Monday, April 21, 2014

Tech Talk - is coal that dirty?

So when was the last time, reading an article about the coal industry, that you saw a photograph of the land after the mine has closed, and the site reclaimed? Or, in talking about an oil or gas rig, how many times do you see the relatively small footprint at the site, once the rigs have left, and the site is reclaimed so that all that is left is the production tree?

The fossil industry tends to be vilified at regular intervals with very few voices raised to murmur slight protest as to the picture painted of its evils. The Economist had an article this week which said, in part:
And coal would indeed be a boon, were it not for one small problem: it is devastatingly dirty. Mining, transport, storage and burning are fraught with mess, as well as danger. Deep mines put workers in intolerably filthy and dangerous conditions. But opencast mining, now the source of much of the world’s coal, rips away topsoil and gobbles water. Transporting coal brings a host of environmental problems.
Note that there is no comment about putting the topsoil back in place after the mine has passed, or re-establishing the land fertility. Laws passed in the 1970’s have ensured that the land reclamation is to a much higher standard than previously, and reclaimed land in Ohio, for example, is now harvested for hay and used for pasture. And it was possible to get 43 acres of recreational land filled with lakes full of fish etc for some $107,000 only a couple of years ago.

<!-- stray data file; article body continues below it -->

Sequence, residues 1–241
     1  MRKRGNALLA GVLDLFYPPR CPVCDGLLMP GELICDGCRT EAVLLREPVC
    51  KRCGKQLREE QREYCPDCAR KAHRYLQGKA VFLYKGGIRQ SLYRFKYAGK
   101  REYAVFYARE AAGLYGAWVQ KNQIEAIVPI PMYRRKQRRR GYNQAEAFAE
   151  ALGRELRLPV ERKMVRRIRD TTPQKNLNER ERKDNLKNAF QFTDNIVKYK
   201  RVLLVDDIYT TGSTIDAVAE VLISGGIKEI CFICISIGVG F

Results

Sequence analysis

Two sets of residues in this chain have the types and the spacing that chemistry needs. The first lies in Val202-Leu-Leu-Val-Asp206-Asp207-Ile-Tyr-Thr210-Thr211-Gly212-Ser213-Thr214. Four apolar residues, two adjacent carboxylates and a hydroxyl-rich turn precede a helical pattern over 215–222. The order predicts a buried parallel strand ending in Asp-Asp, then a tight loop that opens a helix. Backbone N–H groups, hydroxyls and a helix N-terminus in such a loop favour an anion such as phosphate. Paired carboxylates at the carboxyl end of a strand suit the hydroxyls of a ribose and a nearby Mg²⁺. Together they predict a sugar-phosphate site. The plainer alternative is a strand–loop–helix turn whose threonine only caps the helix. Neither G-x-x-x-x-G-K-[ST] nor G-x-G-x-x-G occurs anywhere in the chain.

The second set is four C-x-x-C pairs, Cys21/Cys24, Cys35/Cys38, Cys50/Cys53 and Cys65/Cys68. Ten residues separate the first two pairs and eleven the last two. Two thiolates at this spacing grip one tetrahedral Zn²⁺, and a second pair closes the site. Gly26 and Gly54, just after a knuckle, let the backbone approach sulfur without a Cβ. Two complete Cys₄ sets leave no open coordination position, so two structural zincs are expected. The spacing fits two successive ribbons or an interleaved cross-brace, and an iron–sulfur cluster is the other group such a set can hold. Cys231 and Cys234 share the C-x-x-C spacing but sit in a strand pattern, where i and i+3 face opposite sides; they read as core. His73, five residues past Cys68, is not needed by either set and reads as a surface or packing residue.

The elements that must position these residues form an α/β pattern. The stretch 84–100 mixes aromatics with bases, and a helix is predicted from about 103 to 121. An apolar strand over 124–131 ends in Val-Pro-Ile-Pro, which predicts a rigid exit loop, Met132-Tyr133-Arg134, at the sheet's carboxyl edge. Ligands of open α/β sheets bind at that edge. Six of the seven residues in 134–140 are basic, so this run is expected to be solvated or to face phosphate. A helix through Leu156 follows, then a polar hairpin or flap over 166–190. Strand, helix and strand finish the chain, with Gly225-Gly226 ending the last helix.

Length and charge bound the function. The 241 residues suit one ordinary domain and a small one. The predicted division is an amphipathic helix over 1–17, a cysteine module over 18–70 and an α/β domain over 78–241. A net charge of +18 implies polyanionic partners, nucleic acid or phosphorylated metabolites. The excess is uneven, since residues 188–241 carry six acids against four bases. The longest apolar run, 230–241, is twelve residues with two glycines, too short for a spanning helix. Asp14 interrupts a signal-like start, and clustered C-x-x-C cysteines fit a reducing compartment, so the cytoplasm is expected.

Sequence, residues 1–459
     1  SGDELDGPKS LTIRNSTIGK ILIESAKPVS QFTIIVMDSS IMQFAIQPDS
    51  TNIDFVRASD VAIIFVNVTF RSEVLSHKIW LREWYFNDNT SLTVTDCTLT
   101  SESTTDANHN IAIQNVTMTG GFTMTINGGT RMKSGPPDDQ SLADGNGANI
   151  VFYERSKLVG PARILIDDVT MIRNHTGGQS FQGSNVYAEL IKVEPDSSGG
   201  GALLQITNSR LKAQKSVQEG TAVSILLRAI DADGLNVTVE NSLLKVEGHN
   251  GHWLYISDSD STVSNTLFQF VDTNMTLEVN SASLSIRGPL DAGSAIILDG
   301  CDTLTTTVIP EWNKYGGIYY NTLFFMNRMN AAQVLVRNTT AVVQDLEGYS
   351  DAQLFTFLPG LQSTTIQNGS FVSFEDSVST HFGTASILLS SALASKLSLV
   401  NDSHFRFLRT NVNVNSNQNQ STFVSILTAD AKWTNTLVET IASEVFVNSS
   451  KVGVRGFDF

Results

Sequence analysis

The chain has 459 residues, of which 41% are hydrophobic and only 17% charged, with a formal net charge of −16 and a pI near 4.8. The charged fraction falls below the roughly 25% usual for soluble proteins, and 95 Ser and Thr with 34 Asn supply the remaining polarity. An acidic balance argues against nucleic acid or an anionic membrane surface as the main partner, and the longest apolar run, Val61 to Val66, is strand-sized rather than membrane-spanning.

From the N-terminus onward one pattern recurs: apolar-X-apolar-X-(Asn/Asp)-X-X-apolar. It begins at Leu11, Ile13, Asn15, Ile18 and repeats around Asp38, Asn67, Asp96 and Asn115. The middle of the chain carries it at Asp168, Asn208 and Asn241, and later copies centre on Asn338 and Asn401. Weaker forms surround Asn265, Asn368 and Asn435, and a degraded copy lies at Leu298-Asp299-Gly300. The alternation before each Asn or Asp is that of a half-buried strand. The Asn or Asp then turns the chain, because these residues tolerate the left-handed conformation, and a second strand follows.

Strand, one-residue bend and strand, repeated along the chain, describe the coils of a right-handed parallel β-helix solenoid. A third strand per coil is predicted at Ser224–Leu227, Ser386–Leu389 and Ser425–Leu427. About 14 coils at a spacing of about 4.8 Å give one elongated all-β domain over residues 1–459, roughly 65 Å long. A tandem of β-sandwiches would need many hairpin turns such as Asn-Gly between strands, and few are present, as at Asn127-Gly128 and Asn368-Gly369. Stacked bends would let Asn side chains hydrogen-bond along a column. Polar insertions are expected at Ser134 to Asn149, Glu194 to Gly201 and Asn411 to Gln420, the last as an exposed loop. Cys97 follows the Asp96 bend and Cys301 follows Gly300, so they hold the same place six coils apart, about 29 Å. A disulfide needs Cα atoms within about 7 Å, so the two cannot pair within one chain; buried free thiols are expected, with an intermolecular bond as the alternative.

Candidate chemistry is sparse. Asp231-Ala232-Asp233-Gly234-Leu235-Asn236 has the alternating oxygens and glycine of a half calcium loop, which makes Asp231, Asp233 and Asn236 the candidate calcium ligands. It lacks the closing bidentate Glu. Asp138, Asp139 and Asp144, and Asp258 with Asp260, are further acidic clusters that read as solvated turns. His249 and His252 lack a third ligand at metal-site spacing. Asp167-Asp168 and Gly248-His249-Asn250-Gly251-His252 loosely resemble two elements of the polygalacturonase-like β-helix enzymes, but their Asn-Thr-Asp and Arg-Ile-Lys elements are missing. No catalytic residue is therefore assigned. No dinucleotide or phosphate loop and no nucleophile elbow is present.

Figure 1. Reclaimed mine land that was for sale in Illinois (MidWest Energy News).

Now it is true that working underground will get you dirty – in the same way as it will if you are working in the tunnels of a subway system, or on a farm, not to mention repairing sewers – but unless it is the color of the dirt that leads to the discrimination – working in a job that can get you dirty has not, in the past, led to the disapprobation that one sees in papers such as the Economist these days.

The concept of working underground by itself cannot, surely be something of concern. There are all sorts of buildings that have been built underground – either in regions where the site was first an active mine which then converted into offices, warehouses and storage facilities, or where the plan, from the beginning was to mine the space for a specific purpose (whether a subway line, an underground school or public baths or other useful place). For example, consider Springfield Underground which I first visited over four decades ago, and which can run up to 100 ft below the surface, although there are entries where trains and trucks can have access.